Here are a few examples.

Our graduate Applied Archaeology program was identified by the Register of Professional Archaeologists as a top 10 producer of registered professional archaeologists. In other words, we are producing the best qualified people responsible for preserving history and culture. You’ll read about one instance of that in the next edition of IUP Magazine.

Professors associated with the Mid-Atlantic Addiction Research and Training Institute at IUP are hard at work combatting the nation’s opioid crisis. Rural communities like Indiana are struggling with this epidemic, and we have a cross-disciplinary group actively planning training and prevention and preparing to conduct research on causes and solutions.  All have involved students in their work, providing that hands-on approach to learning that I often describe.

Our campus community is actively exploring racism in the United States, illustrated by a recent cross-curricular discussion that examined race and diversity, the First Amendment and free speech, forms of protest, and historical perspectives and cultural perspectives. Likewise, our President’s Commission on Diversity and Inclusion is on the advent of releasing the draft Diversity Action Plan to the campus community.

I welcome your comments and questions, and, always, I thank you for your support and interest in IUP.

 

The Year We Soar

Even though each new academic year is a time to look forward, it also provides the opportunity to reflect back. We’ve accomplished a lot together—our faculty, staff, and students in partnership with our alumni—and you, our donors (many of whom are members of those groups I just named).

I can see momentum. Indeed, it has taken some time to get things into position—like our new programs in environmental engineering and public health and new facilities. We’ve done so in the context of Pennsylvania’s decreasing demographics, with a disciplined approach to spending.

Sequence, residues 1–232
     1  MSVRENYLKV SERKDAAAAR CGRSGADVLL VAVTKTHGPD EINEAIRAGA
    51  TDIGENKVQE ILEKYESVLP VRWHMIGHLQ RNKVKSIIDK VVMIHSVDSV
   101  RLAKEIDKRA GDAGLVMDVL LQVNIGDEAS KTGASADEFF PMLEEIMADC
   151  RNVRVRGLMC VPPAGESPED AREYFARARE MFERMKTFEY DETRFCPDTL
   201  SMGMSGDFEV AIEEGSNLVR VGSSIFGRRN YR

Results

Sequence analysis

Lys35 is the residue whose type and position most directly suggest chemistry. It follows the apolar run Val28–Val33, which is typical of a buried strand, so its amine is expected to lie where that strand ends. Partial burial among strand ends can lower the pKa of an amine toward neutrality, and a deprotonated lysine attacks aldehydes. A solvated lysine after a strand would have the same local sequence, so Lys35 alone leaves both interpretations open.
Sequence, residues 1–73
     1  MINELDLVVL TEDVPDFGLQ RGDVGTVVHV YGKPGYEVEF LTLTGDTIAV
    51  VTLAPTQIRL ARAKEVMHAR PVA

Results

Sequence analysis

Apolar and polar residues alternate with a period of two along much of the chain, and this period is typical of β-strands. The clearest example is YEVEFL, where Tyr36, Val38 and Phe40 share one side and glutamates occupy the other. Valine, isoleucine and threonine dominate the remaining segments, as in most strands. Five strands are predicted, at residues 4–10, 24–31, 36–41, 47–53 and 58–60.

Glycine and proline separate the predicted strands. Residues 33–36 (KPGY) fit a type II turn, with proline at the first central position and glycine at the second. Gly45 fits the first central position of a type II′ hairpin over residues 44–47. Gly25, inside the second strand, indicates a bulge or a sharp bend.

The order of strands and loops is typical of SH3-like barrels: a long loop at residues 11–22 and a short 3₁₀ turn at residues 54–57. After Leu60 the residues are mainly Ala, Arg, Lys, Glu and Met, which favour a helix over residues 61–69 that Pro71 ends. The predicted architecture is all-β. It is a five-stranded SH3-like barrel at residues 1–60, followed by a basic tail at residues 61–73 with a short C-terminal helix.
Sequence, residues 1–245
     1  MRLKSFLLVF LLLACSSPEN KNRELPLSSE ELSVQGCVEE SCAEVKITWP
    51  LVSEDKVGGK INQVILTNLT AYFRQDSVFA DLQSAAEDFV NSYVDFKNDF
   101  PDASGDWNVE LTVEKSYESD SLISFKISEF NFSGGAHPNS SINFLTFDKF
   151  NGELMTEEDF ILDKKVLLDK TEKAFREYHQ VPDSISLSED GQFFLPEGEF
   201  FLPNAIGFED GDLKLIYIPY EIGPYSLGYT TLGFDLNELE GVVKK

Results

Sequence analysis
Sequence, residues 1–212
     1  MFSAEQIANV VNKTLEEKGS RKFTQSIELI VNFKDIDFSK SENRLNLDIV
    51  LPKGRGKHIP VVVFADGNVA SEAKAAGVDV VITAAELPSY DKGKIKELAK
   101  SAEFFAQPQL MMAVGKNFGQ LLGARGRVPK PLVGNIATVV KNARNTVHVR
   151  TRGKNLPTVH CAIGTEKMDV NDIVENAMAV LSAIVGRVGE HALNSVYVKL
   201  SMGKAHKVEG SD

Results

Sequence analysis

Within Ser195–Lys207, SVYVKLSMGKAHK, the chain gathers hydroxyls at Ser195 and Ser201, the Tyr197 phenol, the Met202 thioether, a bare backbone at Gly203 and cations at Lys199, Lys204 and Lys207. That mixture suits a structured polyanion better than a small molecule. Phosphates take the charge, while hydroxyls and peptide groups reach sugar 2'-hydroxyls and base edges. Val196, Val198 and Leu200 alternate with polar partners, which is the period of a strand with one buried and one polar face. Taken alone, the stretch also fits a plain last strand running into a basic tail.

As I told the campus community on our opening day, with a solid freshman class and our strong position amidst the other universities in the State System of Higher Education, this is our year. Don’t get me wrong: We have plenty of challenges—things I addressed candidly in my public remarks, but we also have the very best people assembled here and a track record of working together that, in comparison to many other universities in Pennsylvania, puts us in an enviable position.

Enviable, but it’s ours to lose if we don’t hustle. No doubt, we are at a critical turning point. If we were doing a SWOT analysis, I would call the perception of American higher education, lack of state funding, and competition our threats. I’d also label those as opportunities, because I am convinced that IUP’s collaborative brand of doing things is a rare quality in today’s higher education landscape, that our disciplined and strategic spending habits are part of what sets us apart from our State System counterparts, and, while the market is competitive, prospective students have more reasons than ever to choose IUP. Much of that is a credit to you and your support.

I am not naïve enough to believe that you invest in IUP to make it the best university ever. You do it for broader reasons, such as ensuring that the world has access to well-rounded leaders and problem solvers. For that reason, everyone at IUP is ever grateful for your trust in us to make that happen.

That’s why I challenged our faculty and staff to seize this time and soar. I invite you to read my address to the university community or watch the video above.

Please take a moment to ask a question or make a comment.